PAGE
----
The kitchen of the future is coming. CNN says it’s just a decade or so before “fully connected kitchens” update the way people prepare their food. Home appliance manufacturer Whirlpool’s got a video out for what that kitchen might look like – from technology that checks a fridge’s inventory to a cooktop that senses the right temperature for cooking a selected item, it seems to take the guesswork right out of making meals.
The New York Times, meanwhile, noted the Samsung Family Hub fridge as one of the technology items already making its way into New York apartments of the future. The fridge gives users an inside-look from anywhere with built-in cameras so they can see what they’re out of and might need to buy. When they’re home, technology can display notes or calendars right on the door, as well as play media. Increased connectivity – and this is only the tip of the iceberg in terms of where the technology is going – can for now let people control their dishwashers and ranges remotely as well.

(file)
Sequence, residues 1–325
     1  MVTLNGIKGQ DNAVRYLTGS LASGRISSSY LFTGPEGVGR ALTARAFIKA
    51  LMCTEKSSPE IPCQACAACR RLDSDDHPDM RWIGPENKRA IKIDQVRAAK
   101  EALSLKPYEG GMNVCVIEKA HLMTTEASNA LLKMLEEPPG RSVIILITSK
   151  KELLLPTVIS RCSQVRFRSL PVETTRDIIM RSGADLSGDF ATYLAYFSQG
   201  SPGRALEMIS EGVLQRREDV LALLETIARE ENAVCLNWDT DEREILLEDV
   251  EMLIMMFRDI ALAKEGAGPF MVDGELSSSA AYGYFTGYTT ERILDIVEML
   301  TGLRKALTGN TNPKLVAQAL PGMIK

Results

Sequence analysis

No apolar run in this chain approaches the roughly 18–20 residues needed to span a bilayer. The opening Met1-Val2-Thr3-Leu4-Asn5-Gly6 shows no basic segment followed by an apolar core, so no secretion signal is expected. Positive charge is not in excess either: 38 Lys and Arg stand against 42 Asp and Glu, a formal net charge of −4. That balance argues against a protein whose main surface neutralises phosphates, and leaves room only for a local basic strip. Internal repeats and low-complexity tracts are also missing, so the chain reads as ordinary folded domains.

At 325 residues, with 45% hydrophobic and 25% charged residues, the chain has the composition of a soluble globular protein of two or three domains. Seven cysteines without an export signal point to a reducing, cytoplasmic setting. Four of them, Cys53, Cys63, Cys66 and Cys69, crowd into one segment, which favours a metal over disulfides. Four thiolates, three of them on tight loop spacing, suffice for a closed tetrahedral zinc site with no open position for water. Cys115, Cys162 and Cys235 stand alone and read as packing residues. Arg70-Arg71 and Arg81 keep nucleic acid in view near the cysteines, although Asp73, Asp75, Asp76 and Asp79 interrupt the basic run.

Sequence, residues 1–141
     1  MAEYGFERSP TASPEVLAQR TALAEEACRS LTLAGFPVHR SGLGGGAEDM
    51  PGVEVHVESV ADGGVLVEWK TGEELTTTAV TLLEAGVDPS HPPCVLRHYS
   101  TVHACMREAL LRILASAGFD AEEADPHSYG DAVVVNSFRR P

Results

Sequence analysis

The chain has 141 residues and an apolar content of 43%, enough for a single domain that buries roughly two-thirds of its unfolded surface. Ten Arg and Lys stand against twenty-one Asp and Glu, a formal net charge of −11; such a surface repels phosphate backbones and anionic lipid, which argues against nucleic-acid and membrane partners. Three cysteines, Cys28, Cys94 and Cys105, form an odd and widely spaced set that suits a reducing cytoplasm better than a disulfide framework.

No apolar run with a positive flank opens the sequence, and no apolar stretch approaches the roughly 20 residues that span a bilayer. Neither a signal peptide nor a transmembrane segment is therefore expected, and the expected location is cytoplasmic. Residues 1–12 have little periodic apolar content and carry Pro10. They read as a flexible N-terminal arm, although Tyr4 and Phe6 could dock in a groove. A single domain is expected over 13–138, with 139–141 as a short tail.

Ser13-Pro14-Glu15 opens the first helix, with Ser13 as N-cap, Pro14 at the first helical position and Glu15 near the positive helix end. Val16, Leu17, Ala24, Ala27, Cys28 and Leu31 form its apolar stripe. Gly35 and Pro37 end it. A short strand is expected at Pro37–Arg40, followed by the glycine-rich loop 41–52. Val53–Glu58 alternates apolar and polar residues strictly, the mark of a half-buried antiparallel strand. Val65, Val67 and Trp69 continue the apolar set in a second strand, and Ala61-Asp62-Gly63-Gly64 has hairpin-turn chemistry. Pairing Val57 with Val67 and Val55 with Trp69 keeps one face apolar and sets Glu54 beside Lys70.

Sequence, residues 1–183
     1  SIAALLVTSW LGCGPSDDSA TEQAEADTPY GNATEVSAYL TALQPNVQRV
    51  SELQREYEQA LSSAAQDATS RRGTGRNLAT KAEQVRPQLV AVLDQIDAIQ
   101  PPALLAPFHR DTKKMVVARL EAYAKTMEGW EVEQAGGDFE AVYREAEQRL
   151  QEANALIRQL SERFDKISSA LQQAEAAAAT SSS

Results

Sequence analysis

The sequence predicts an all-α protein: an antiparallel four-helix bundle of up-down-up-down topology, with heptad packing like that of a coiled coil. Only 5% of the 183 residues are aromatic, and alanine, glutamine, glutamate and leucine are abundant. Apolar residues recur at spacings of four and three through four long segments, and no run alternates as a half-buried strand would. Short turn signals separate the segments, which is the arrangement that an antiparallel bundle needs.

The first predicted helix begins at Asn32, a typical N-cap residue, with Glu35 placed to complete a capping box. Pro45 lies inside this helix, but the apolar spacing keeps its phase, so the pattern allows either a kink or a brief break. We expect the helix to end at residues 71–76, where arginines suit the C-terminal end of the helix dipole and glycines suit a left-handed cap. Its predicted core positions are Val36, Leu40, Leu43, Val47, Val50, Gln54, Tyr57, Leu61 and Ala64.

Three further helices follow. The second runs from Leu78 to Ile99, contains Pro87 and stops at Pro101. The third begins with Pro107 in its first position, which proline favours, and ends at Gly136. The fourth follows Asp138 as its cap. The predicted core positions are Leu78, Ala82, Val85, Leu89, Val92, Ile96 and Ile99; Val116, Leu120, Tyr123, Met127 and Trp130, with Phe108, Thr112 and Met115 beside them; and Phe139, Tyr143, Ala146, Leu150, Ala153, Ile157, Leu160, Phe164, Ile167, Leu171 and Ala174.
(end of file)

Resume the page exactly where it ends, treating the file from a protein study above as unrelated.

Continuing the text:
The innovation currently available, however, might not be enough of a draw to lure consumers just yet, says Houzz, which surveyed homeowners in 11 countries including the US to see what’s trending. The survey suggests consumers are largely more interested in the usual when it comes to function and style than high-tech features, according to an article from the architecture, interior design and decorating website.
Houzz quotes Ken Burghardt, owner of kitchen and bathroom design company Domicile San Francisco as saying, “Programming ovens from an iPhone is not something people are doing, and people don’t care about a refrigerator that will send a message to your phone that it needs to be defrosted.”